The Public Utility Data Liberation (PUDL) Project

Electric utilities report a huge amount of information to the US government and other public agencies. This includes yearly, monthly, and even hourly data about fuel burned, electricity generated, operating expenses, power plant usage patterns and emissions. Unfortunately, much of this data is not released in well documented, ready-to-use, machine readable formats. Data from different agencies tends not to be standardized or easily used in tandem. Several commercial data services clean, package, and re-sell this this data, but at prices which are too high to be accessible to many smaller stakeholders.

The Public Utility Data Liberation (PUDL) project takes information that’s already publicly available, and makes it publicly usable, by cleaning, standardizing, and cross-linking utility data from different sources in a single database. As of August, 2019, the PUDL database includes information from FERC Form 1 and EIA Forms 860 & 923, focusing on fuel use, generation mix, and power plant operating costs. PUDL also now includes hourly emissions and heat rate data from the EPA’s Continuous Emissions Monitoring dataset and information from the EPA’s Integrated Planning Model, which can be used to project policy impacts on the electric power sector.

This information allows users to explore the operating costs of individual power plants, and see how fuel costs impact the viability of different types of generation.  It can highlight the competitiveness of renewable electricity in the market today.  It can show how the generation mix of different utilities has evolved over time, and how the usage of individual power plants has changed as fuel prices have changed and more renewable generation has been brought online.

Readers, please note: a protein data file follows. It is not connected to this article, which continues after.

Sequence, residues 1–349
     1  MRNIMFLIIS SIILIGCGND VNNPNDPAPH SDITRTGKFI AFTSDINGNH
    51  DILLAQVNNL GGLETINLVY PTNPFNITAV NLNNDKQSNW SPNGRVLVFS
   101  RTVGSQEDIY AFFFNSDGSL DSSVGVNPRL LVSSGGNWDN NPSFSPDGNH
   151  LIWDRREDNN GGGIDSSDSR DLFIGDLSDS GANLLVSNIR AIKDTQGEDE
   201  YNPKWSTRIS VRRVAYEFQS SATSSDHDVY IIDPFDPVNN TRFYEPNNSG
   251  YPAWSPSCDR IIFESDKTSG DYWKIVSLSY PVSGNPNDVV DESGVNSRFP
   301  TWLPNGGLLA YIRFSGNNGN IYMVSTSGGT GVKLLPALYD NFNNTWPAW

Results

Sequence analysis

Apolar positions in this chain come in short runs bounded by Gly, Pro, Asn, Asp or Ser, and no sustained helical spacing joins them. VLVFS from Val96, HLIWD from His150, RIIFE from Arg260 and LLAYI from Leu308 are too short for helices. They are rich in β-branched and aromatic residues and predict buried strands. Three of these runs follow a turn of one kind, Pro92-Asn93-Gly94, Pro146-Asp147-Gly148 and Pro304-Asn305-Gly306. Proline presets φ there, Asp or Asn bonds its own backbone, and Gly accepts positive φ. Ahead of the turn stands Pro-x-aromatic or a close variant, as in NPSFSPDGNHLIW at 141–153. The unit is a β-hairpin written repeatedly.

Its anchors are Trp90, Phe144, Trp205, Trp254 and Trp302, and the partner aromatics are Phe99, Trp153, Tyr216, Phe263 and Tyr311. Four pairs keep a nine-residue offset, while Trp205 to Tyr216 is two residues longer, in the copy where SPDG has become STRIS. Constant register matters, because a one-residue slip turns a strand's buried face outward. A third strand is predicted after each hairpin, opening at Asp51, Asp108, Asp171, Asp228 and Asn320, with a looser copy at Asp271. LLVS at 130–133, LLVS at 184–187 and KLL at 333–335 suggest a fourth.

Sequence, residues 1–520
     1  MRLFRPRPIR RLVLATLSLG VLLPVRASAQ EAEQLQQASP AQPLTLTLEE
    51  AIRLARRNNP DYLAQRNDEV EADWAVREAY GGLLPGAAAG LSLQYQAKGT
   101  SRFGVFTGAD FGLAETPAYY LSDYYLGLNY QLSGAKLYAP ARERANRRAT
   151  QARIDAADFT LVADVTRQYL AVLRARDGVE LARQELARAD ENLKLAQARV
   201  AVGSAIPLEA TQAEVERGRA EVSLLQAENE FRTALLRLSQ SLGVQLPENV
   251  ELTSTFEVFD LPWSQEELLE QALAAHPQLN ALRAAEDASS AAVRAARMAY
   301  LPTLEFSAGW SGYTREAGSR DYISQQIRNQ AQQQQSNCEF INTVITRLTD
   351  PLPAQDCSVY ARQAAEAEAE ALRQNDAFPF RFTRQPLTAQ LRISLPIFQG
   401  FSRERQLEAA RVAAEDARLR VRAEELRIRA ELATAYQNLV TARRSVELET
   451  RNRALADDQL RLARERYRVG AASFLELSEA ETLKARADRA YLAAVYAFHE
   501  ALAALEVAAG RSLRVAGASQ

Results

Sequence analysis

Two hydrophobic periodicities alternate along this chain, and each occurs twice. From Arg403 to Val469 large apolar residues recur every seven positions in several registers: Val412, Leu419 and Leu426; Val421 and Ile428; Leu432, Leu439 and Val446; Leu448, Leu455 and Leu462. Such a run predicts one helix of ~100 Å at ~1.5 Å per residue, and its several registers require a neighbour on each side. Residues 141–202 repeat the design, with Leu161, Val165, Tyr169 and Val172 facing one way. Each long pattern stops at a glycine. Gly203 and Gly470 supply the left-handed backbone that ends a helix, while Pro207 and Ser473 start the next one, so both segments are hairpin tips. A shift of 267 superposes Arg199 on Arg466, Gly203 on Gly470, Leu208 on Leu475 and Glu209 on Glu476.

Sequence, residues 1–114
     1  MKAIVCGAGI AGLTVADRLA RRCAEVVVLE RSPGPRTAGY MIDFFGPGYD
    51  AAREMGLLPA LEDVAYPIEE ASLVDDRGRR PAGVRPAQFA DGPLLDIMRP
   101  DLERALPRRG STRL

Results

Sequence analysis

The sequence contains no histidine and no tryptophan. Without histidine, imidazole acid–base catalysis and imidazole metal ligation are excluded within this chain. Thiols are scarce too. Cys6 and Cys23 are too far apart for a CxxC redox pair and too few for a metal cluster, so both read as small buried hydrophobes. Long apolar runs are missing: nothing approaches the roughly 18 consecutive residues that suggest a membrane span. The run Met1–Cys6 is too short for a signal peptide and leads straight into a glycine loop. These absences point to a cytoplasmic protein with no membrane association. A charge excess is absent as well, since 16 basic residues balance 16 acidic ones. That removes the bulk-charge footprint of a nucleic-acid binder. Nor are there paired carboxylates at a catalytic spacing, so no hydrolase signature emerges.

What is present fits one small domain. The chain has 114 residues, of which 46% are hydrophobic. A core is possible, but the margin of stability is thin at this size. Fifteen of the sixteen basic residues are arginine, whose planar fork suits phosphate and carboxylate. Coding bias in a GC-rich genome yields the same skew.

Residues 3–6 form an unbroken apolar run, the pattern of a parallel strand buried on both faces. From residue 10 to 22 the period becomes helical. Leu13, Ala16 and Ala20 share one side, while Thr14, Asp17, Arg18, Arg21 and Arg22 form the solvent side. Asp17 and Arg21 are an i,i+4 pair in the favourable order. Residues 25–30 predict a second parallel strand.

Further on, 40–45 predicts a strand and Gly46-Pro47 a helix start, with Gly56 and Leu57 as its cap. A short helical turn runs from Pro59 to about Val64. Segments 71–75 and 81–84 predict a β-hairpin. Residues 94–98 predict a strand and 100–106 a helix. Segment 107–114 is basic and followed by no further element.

By making this database and associated software available under liberal open data and open source licenses, we hope to enable a broader variety of stakeholders to participate quantitatively in electricity regulation and climate policy discussions at the local, state, and federal level. We want to see it used by data journalists, grassroots renewable energy activists, climate change activists, small renewable energy and demand side management companies, and non-profit organizations. You can help us keep this resource free and open for anyone to use by making a monthly contribution (any amount is appreciated!) to the PUDL project.

Check out some of the projects we’ve been supporting!

If you or your organization have other data you would like to see integrated into the database, or suggestions for how it could be made to serve your purposes more effectively, please get in touch with us. If you have questions you’d like answered, but don’t have the skills or time required to use the data yourself, we are interested in performing those analyses for other organizations at very reasonable rates. You can reach us at: